They’re neither slaves nor indentured servants nor necessarily any worse off or better off than your average Café worker. They make the choices they make in exchange for a paycheck, no different than you and I in that regard. The income they receive goes somewhere, and some of that goes to the government in the form of taxes, no different than your or I. Feel free to dig into the numbers yourself to figure out how much, but figure in that some of that is likely going into the car, which means auto shops and car dealers, some of that is going to coffee or tea, some of that is going to their rent, and some of that is going to the food they eat. All of which is eventually ending up in someone else’s paycheck as taxable income for which some will file a W2 and others will file a 1040 whether that’s tomorrow or 20 years from now.

As Uber will happily insist to you, "drivers aren't employees of Uber".

So they file a 1040 instead of a W2.

>A plague on uber and Airbnb. May they both rot.

Don't agree with that. It is a new model which have advantages and disadvantages. You would know if you are a foreigner in a remote town and want to get a Taxi. If the model is bad the market will correct it eventually. I think what's bad is the VC's funding or persuading founders to continue to run with loss making business models for cornering the market. These companies then pump huge marketing money without a profitability in near future. That destroys the local competition if any and skew the market towards them for a while. Sometimes it will work out but many times it would fail. Again time will correct the practice if it's not sustainable, we have to wait.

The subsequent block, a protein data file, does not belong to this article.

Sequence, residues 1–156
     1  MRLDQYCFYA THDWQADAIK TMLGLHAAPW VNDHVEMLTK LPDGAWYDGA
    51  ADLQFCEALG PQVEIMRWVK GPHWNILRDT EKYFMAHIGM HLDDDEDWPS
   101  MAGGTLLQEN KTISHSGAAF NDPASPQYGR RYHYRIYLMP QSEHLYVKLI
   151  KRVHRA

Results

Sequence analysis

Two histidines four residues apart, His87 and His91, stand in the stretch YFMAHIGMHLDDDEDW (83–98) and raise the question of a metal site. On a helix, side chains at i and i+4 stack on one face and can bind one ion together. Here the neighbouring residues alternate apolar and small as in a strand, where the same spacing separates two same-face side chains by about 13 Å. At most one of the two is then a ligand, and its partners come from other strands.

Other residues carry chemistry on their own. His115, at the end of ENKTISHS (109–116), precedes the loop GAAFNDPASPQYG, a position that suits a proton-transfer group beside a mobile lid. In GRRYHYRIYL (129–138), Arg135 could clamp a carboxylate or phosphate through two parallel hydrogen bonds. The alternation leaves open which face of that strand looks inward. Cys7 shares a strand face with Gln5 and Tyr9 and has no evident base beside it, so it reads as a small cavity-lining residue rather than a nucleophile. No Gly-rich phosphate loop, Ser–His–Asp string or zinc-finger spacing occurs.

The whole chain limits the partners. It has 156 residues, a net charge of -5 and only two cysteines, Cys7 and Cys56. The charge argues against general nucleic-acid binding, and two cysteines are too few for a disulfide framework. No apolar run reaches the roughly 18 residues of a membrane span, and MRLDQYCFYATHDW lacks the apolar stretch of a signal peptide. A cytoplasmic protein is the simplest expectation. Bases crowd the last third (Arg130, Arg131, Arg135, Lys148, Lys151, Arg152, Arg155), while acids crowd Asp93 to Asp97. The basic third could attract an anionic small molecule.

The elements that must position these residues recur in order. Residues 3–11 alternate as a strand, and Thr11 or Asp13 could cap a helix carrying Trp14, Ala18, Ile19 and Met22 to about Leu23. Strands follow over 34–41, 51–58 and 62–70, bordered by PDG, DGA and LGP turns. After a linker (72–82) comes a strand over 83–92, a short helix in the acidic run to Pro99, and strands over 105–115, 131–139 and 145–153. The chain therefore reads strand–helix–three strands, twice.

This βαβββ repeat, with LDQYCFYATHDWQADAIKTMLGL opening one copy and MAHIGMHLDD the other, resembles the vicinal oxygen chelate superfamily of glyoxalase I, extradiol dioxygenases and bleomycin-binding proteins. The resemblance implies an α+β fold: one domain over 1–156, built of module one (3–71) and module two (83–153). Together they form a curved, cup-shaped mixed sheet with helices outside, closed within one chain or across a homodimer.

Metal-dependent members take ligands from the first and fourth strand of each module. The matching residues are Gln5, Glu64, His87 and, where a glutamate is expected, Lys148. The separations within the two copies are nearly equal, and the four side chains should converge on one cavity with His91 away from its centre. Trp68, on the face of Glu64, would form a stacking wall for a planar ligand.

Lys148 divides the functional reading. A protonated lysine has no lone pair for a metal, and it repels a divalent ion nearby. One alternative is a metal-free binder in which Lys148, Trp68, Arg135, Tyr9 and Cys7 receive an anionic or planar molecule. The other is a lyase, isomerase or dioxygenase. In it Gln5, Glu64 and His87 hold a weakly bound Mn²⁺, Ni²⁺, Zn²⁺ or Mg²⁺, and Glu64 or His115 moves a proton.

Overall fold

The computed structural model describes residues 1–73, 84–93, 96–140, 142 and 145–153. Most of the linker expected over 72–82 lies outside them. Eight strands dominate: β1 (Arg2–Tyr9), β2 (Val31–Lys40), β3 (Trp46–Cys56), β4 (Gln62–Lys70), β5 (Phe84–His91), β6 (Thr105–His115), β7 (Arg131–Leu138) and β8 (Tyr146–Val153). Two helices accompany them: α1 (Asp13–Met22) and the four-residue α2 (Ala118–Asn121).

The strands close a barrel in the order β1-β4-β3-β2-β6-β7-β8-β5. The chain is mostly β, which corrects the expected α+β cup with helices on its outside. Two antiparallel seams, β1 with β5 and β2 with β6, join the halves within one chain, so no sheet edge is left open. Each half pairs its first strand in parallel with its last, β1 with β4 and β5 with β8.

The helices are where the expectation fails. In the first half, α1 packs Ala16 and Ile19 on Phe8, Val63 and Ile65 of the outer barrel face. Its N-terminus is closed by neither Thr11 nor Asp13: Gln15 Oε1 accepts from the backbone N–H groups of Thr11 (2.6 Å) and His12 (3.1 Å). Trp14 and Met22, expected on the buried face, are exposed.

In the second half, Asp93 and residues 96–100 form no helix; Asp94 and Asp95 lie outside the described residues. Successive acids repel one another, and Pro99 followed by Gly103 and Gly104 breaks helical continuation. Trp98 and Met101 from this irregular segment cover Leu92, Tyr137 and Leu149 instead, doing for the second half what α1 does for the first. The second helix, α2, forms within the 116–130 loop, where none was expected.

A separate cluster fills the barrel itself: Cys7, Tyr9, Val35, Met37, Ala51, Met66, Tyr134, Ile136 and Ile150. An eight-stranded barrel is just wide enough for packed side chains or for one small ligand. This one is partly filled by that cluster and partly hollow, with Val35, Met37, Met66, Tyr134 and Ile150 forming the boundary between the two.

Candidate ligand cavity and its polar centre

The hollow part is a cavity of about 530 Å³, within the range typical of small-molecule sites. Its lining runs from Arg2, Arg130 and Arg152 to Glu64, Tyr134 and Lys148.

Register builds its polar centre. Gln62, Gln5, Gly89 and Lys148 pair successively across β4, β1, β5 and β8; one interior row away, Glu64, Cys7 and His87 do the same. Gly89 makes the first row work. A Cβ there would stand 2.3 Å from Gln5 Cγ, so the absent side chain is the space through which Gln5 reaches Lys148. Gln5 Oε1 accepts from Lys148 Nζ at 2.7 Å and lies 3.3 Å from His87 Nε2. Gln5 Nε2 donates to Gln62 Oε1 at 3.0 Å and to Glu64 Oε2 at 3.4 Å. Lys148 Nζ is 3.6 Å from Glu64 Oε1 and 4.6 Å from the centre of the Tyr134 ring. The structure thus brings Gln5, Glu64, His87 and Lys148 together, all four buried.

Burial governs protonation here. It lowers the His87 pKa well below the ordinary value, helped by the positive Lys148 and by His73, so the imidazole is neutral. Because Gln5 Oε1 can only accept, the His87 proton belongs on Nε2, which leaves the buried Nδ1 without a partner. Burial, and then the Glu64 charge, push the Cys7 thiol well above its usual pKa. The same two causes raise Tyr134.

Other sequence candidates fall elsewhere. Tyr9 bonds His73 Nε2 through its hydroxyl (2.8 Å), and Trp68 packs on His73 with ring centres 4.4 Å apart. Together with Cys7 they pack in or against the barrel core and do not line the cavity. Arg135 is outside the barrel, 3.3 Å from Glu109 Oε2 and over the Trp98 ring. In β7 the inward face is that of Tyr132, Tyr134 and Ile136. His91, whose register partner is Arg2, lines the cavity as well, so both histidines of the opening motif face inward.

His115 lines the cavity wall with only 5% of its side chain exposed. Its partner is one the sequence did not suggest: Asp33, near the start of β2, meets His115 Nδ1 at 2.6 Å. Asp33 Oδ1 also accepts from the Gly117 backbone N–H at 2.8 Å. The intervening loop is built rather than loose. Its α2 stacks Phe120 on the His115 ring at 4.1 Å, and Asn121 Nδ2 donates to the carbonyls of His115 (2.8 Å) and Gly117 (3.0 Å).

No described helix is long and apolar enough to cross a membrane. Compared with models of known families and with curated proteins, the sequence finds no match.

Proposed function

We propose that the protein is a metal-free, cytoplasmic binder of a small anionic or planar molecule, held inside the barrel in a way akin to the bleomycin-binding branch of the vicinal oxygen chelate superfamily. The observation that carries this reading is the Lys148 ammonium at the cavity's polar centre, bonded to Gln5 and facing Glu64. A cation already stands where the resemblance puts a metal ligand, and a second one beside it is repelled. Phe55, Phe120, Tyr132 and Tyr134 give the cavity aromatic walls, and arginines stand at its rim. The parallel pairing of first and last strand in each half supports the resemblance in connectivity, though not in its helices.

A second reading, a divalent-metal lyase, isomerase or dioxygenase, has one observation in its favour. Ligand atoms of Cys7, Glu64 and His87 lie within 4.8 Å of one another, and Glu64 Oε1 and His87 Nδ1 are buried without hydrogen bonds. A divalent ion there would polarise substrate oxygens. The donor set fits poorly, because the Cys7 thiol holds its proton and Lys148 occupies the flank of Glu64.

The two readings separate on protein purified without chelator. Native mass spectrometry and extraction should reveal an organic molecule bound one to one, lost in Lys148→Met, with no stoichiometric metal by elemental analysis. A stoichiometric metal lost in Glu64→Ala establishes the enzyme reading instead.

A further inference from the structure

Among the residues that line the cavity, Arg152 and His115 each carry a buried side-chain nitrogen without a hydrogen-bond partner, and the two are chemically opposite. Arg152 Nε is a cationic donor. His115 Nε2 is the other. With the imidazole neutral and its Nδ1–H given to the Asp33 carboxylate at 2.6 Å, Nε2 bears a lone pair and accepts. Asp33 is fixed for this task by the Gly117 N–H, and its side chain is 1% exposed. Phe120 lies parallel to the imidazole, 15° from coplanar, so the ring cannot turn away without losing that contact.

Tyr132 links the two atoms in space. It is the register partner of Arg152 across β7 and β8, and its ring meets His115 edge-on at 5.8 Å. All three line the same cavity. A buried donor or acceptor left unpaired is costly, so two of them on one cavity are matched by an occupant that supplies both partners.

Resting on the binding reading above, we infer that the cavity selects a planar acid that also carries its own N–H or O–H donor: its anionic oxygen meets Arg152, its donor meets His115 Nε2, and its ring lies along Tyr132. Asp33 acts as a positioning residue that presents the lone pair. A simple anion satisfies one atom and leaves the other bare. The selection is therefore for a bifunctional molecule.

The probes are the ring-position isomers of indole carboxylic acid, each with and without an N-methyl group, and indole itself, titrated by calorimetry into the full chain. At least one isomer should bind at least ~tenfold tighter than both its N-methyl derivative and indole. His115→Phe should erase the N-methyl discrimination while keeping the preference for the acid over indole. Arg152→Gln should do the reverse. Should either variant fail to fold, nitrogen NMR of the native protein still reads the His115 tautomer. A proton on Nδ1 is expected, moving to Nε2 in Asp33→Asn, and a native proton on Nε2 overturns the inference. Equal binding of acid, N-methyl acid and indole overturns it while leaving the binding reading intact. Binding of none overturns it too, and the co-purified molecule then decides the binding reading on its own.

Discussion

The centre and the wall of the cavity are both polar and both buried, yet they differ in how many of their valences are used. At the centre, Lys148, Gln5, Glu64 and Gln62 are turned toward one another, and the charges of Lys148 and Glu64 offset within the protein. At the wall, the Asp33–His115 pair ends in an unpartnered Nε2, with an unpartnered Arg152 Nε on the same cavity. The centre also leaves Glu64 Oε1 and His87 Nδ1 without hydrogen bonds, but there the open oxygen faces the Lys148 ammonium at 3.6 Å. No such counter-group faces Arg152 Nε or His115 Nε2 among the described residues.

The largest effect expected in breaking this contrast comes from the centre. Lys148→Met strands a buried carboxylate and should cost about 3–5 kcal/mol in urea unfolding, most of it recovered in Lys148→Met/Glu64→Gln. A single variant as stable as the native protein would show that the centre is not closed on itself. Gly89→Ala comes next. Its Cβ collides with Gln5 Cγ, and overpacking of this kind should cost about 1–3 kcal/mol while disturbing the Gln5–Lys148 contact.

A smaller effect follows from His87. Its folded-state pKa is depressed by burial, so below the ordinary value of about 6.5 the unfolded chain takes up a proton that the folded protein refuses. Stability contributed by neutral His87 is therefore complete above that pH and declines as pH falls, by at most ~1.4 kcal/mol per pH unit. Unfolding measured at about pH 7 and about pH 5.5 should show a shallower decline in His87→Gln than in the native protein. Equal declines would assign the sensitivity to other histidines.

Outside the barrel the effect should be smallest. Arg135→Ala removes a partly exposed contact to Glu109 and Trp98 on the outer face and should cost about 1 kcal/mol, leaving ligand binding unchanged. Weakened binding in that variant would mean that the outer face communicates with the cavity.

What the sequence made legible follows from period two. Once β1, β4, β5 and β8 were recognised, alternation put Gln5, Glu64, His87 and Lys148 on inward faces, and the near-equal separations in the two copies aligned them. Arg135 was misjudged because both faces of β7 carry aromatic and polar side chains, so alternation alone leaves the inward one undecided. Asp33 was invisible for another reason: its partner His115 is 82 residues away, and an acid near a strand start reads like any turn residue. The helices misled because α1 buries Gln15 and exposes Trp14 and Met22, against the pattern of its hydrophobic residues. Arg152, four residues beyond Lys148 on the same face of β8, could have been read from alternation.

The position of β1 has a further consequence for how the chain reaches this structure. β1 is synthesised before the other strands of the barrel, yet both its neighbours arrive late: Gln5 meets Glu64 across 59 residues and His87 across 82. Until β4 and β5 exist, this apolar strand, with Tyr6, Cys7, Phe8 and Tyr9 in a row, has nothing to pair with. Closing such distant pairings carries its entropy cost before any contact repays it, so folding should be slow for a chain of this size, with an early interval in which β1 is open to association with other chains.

Also Airbnb and Uber have enabled lot of people earn livelihood without having to wait for trade union approvals for sharing taxi stands or getting hotel licences. If the model is sustainable it will go back to old models, but i feel it's gonna stay whether through Uber or other service(s).

>import money to America from the world

What about CocaCola, Pepsi, Amazon (and AWS) Google, Microsoft, Facebook, Nike and hundreds of other brands ?

> If the model is bad the market will correct it eventually.

The "model" of selling leaded gasoline took 90 years to correct. I'd venture to say that the market correcting itself after a lifetime is not what most people want.